The Naval Postgraduate School (NPS) conferred advanced degrees upon hundreds of honored graduates during its quarterly Graduation Ceremony, Dec. 19. Uniquely, though, this Fall Quarter’s 352 graduates were recognized in split ceremonies in the Barbara McNitt Ballroom in the university’s Herrmann Hall, due to renovations in King Auditorium.
It would prove to be the only change in an honored tradition at the institution, where active duty service members, Department of Defense Civilians (DOD) civilians, homeland security professionals from across the country, and international officers from allied and partnered nations around the world, celebrated the culmination of their graduate studies.
NPS President retired Vice Adm. Ronald A. Route welcomed the graduates, their families as well as attending faculty and staff to the ceremony. And given the unique, classic venue for this quarter’s commencement, Route also took the opportunity to point out the university’s rich history.
“You all know that King Hall, our regular auditorium, is being renovated, so this give us the opportunity to celebrate Naval Postgraduate School history, right here, in this building,” Route said.
He shared with the audience that the ballroom they sat in housed NPS’ first graduation ceremony in 1949, and was also the location of the institution’s official dedication in 1952 by Fleet Adm. Chester Nimitz and Secretary of the Navy, the Honorable Dan A. Kimball.
Route went on to offer his recognition of the university’s “citizen students” for their accomplishments both academically on campus, and in the community off campus. He then turned the podium over to commencement speaker Assistant Commandant of the Marine Corps Gen. John M. Paxton Jr. Paxton is the second highest-ranking officer in the Marine Corps, but began his remarks wanting to speak briefly on behalf of the Commandant, the Chief of Naval Operations, and the Secretary of the Navy.
“I am indeed here to represent the Commandant, and I think with a little liberal license, I could represent the CNO and the Secretary in saying thanks and Bravo Zulu,” Paxton said.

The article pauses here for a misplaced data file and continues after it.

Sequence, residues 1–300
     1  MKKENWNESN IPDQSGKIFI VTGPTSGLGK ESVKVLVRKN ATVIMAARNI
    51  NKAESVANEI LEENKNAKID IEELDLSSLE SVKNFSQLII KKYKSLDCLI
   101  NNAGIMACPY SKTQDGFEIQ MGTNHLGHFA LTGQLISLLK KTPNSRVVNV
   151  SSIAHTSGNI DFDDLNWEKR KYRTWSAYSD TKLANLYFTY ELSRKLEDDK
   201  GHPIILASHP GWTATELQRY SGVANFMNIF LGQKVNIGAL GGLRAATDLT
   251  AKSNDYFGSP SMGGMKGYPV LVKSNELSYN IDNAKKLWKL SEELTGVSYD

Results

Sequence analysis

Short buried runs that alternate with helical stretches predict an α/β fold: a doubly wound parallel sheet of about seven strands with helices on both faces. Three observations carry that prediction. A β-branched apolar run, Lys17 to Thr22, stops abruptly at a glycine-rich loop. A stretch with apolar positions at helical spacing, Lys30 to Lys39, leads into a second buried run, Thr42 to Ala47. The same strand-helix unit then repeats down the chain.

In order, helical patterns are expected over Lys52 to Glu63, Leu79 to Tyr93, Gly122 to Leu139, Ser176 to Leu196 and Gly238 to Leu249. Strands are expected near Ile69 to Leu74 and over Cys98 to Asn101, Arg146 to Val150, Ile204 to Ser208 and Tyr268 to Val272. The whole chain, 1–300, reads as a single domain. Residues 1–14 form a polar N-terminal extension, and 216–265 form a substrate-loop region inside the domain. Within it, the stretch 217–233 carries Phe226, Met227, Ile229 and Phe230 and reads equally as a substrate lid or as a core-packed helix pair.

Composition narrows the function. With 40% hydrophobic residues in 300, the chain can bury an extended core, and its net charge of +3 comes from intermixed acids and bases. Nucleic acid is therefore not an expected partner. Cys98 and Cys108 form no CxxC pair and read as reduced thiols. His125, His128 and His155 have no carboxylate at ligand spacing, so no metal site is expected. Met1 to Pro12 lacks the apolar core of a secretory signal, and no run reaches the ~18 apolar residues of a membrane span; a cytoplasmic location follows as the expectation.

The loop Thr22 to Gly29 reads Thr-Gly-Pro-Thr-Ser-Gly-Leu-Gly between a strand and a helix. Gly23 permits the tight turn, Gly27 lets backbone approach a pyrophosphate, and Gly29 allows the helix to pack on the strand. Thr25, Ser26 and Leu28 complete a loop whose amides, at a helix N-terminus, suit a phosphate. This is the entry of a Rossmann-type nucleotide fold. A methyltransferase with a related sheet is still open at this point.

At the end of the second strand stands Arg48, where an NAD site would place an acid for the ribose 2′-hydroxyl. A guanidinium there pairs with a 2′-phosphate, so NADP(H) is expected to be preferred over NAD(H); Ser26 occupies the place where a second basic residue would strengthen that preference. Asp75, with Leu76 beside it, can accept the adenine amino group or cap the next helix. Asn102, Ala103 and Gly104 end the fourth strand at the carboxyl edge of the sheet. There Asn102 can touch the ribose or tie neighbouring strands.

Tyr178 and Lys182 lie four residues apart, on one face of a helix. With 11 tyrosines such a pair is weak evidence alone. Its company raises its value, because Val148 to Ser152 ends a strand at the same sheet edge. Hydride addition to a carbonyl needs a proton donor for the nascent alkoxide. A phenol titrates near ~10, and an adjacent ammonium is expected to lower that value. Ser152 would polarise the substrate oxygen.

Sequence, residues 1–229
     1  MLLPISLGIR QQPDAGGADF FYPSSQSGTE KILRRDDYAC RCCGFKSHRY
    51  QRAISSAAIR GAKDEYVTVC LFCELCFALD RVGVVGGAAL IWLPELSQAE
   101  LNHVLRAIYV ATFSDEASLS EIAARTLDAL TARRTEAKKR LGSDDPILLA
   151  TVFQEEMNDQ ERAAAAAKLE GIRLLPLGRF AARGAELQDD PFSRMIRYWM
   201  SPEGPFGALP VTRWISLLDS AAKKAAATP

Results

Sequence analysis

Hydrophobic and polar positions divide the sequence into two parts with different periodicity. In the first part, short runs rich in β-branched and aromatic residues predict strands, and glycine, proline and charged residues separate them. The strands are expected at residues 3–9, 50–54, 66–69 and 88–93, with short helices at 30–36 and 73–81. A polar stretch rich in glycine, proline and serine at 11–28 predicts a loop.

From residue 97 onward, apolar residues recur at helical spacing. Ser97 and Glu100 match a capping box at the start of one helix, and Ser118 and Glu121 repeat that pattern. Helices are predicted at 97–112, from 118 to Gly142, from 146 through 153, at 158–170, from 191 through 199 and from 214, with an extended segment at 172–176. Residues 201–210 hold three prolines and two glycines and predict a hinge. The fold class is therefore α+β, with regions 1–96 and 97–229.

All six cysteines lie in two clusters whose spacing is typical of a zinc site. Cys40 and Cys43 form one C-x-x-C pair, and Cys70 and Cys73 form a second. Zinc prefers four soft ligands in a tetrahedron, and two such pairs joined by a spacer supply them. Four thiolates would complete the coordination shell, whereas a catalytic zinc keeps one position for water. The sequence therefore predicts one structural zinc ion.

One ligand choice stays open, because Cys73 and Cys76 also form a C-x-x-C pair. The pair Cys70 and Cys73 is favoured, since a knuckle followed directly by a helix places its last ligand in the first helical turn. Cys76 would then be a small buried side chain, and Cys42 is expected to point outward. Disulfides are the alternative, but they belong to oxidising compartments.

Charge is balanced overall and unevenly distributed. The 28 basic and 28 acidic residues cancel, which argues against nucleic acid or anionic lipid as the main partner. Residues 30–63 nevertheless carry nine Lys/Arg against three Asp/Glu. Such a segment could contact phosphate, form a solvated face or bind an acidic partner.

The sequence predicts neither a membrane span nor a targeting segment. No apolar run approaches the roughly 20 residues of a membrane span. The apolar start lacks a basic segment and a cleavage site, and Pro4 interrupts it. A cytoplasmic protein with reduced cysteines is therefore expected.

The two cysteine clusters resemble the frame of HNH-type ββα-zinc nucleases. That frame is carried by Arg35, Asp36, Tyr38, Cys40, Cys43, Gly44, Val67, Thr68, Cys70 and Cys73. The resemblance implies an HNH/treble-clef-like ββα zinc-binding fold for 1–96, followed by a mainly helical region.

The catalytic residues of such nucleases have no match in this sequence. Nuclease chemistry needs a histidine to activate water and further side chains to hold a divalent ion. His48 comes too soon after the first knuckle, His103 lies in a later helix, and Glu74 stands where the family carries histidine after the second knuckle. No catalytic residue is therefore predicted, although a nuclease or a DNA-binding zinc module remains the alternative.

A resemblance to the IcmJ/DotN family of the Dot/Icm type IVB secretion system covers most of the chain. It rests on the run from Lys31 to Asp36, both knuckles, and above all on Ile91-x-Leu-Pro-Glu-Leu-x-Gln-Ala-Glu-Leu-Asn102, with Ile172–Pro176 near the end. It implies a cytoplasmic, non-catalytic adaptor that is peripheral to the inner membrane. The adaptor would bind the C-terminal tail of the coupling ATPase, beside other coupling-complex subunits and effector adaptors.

A longtime advocate of NPS, Paxton paid special tribute to the university’s faculty and staff, critical players in the students’ successes.
“I think we all need to express some gratitude to the folks who make this institution special, and why you have been afforded the unique education opportunity, and future growth opportunity that you have,” he noted. “You have potential Nobel Laureates and nominees here, you have world class authors who have led in the national studies, and performed work of tremendous import to the United States of America. And they take all that experience and expertise, and then focus it back on students.”
“And they do it directly, they don’t do it with teaching assistants,” he stressed. “They lean in and take your operational experience, your combat experience, and your potential, and they turn you into more critical thinkers; more intricate problem solvers; and team ball players.”
Members of the Fall Quarter graduating class listen in as U.S. Marine Corps Gen. John M. Paxton Jr. offers his commencement address in the Barbara McNitt Ballroom in Herrmann Hall, Dec. 19. The Naval Postgraduate School (NPS) conferred a total 356 advanced degrees upon 352 graduates during the ceremony, including 44 international officers and 71 distance-learning students.
Paxton referenced iconic moments in history, where critical decisions made by leaders in challenging situations made the difference between success and failure. The world may have changed, he said, but nations will still need leaders who can make difficult choices.
“You are going to step out into a world that is full of complexity, full of uncertainty, and you are going to want to harness the skills of the core curricula here at the Naval Postgraduate School,” Paxton said. “In a world of dynamic change, in a world where the tyranny of time and the tyranny of distance are working against us, what we really need is thinkers and problem solvers who are leaders themselves, or whose idea can capture the attention of a leader … that’s why you are here.”
Paxton closed his remarks by referencing words of wisdom from ancient Greek author Thucydides, who once noted, “The nation that will insist on drawing a broad line of demarcation between the fighting man and the thinking man is liable to find its fighting done by fools and its thinking done by cowards.”
“The Naval Postgraduate School is rich and unique because it is operationally relevant,” Paxton said emphatically. “You are here because you are thinkers and fighters, and I ask you to keep the two of them close.”
A total of 356 advanced degrees were conferred upon 352 graduates during the ceremony, including 44 international officers and 71 distance-learning students.